Background: The increasing prevalence of comorbidities worldwide has spurred the need for time-effective pre-hospital emergency medical services (EMS). Some pre-hospital emergency calls requesting EMS result in patient non-conveyance. Decisions for non-conveyance are sometimes driven by the patient or the clinician, which may jeopardize the patients’ healthcare outcomes. This study aimed to explore the distribution and determinants of patient non-conveyance to hospitals in a Middle Eastern national Ambulance Service that promotes the transportation of all emergency call patients and does not adopt clinician-based non-conveyance decision. Methods: Using R Language, descriptive, bivariate, and binary logistic regression analyses were conducted for 334,392 multi-national patient non-conveyance emergency calls from June 2018 to July 2022, from a total of 1,030,228 calls to which a response unit was dispatched. Results: After data pre-processing, 237,862 cases of patient non-conveyance to hospital were retained, with a monthly average of 41.96% (n = 8799) of the emergency service demands and a standard deviation of 5.49% (n = 2040.63). They predominantly involved South Asians (29.36%, n = 69,849); 64.50% (n = 153,427) were of the age category from 14 to 44 years; 61.22% (n = 145,610) were male; 74.59% (n = 177,424) from the urban setting; and 71.28% (n = 169,552) had received on-scene treatment. Binary logistic regression with full variables and backward methods identified the final models of the determinants of patient non-conveyance decisions with an Akaike information criterion prediction estimator, respectively, of (250,200) and (250,169), indicating no significant difference between both models (Chi-square test; p-value = 0.63). Conclusions: Despite exercising a cautious protocol by encouraging patient transportation to hospital, patient non-conveyance seems to be a problem in the healthcare system that strains the pre-hospital medical response teams’ resources. Policies and regulations should be adopted to encourage individuals to access other primary care centers when required rather than draining emergency services for non-emergency situations.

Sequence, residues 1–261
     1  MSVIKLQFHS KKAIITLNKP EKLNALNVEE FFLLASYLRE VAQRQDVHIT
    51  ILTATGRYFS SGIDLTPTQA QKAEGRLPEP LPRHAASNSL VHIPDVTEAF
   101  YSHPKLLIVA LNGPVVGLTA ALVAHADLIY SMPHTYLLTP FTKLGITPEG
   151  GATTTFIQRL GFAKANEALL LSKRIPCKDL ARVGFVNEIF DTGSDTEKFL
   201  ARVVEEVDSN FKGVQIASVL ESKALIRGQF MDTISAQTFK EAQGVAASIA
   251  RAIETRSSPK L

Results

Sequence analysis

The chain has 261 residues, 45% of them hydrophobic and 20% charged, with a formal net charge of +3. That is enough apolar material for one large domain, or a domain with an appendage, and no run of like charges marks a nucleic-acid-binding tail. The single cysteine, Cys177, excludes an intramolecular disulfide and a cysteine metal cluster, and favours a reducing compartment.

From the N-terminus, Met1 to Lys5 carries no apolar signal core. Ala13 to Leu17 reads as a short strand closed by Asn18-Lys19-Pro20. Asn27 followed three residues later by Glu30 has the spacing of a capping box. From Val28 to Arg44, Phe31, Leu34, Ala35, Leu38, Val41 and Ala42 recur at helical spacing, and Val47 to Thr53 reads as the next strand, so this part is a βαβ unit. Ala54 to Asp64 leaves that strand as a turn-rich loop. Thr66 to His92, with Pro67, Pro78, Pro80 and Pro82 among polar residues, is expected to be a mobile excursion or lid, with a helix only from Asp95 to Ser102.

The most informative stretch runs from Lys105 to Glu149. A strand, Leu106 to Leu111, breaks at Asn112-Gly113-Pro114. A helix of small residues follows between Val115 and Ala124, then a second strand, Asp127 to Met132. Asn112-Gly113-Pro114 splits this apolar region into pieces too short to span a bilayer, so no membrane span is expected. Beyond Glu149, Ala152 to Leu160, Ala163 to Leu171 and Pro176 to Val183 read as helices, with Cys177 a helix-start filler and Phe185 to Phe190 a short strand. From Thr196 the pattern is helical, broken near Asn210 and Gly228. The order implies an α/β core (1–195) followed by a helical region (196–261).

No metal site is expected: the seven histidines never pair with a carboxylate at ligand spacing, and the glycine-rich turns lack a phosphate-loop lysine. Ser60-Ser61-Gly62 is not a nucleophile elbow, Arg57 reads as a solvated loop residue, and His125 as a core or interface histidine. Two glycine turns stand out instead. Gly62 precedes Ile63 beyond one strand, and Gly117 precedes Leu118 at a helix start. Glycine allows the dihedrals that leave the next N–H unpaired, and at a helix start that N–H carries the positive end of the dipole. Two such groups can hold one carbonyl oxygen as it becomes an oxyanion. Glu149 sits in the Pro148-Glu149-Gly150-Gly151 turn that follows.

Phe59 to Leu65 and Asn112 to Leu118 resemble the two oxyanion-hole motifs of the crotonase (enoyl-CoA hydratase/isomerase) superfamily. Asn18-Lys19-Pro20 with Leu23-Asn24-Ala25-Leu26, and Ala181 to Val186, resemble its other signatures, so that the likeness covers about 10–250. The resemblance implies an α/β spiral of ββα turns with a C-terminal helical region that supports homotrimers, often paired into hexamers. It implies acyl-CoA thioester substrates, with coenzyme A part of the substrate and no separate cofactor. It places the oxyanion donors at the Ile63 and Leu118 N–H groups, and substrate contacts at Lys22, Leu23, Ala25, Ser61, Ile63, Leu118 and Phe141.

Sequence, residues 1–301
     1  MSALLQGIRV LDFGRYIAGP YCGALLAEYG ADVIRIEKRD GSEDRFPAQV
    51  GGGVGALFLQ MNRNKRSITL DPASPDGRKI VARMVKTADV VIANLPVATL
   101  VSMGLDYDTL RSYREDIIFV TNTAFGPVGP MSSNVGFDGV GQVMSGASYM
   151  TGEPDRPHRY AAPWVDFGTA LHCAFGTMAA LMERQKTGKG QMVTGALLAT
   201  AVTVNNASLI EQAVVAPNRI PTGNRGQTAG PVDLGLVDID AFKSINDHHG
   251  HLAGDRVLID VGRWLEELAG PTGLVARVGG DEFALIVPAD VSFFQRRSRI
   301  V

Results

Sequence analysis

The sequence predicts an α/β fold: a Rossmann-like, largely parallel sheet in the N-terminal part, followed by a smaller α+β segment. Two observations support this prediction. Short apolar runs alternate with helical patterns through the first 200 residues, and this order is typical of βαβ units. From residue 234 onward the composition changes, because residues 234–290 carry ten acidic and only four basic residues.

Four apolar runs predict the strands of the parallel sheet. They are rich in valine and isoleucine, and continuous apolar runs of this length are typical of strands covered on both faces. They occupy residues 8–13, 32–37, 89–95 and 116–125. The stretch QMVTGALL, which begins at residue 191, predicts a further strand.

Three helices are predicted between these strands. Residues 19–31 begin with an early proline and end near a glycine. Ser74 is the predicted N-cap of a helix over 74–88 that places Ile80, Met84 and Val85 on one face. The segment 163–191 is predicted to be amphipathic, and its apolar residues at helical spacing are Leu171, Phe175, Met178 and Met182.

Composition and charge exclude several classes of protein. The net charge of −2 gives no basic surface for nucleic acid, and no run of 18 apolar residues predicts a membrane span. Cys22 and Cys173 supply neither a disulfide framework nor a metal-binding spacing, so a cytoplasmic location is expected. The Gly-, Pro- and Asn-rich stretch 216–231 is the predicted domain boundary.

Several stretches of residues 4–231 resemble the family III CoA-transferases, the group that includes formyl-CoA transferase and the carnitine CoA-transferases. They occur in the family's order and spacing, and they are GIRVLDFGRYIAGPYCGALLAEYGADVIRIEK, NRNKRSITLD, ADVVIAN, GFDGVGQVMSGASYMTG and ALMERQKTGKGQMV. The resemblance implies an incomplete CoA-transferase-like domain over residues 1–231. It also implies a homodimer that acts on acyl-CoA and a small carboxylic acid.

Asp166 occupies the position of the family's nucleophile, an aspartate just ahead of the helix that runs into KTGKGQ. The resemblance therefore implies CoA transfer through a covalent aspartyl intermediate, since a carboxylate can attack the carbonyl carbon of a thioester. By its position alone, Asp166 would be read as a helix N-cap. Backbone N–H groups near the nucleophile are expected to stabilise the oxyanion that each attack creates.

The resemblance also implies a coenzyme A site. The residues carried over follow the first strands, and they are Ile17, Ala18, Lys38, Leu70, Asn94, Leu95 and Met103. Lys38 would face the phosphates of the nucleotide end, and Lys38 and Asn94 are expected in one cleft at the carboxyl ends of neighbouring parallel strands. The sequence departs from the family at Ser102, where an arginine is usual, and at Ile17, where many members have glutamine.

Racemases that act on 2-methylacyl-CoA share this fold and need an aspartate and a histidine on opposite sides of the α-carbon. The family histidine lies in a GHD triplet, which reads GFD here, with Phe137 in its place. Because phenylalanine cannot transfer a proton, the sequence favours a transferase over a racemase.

|Journal||International Journal of Environmental Research and Public Health|
|Publication status||Published - 20 Jul 2023|